The river was stunning on a quiet Saturday afternoon. In the absence of any recent run-off, the water was clear, and there was almost no traffic on the road between Pilar and the Taos Junction Bridge. Canada geese and several species of ducks fed constantly in the shallows, where long green banners of aquatic plants waved in the current. For the first time I understood the Rio Grande as a living river, not a ditch.
We needed the opportunity to rest a while in such a beautiful place. Heading down there had been my wife’s suggestion, after an emotionally disabling visit to the accursed storage unit to retrieve her wool skirts and winter pants, neither of which we could locate in the jumble of dusty boxes where we thought she’d stored them. This was preceded by an almost equally disastrous lunch at our favorite northside cafe in Taos. Instead of the usual excellent fare and friendly service in comforting, funky surroundings, the place felt oddly off. A waitress I’d never seen before brought me the wrong cheeseburger, which I didn’t realize until I’d eaten most of it, and the meat was obviously old. At the next table, a darkly tanned mother tapped away at her phone while her two large teenaged sons wrestled loudly and aggressively as they waited for their food. She paid them no mind whatsoever.
I recognized the kind of hands-off parenting one sometimes sees in “hip” communities and tried to avert my eyes. It reminded me of one of the first times we’d gone out to eat in Taos seventeen years ago. In that instance, the customers were sitting outside at tables shaded by large umbrellas. A family seated near us watched impassively while their little girl, barely old enough to walk, crawled underneath our table, then rocked back on her diapered butt and sat there eating gravel. “It’s good for her,” I heard one of them say.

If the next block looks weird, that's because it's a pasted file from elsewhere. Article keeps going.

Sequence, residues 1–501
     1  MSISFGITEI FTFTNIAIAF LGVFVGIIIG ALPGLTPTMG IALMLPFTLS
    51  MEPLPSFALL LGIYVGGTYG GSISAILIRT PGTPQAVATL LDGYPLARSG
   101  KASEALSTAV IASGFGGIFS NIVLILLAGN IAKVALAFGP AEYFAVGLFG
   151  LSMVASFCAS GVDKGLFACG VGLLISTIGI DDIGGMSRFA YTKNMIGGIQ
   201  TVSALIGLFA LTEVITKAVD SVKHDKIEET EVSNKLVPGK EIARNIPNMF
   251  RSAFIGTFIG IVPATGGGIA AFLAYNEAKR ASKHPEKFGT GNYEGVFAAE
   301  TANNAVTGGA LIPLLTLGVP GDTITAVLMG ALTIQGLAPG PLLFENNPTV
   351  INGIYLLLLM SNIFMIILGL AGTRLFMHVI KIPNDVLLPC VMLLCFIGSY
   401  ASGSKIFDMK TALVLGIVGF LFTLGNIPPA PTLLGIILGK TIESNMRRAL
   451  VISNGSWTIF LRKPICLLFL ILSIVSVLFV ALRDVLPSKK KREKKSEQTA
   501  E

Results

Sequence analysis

As we drove home down the Paseo through the middle of town, I reflected on the signs. It was hard to say if anything had improved in Taos itself since we arrived at the end of the last millennium. Our favorite eating places had declined or disappeared. Tourists still swarmed the sidewalks past the same old galleries, but the newsstand on the plaza was long gone. Houses cost twice as much, traffic was worse, and we could barely afford to go to a concert. There were more rich retirees than ever, driving spotless SUVs from one event to another like Chicago in the Sangres, while badly tattooed locals drifted in and out of Walmart talking on cheap phones.
All of this was true, and yet it didn’t matter in the short run. The mountains were still there and we had no more cushion left—our turn had to come right here and now.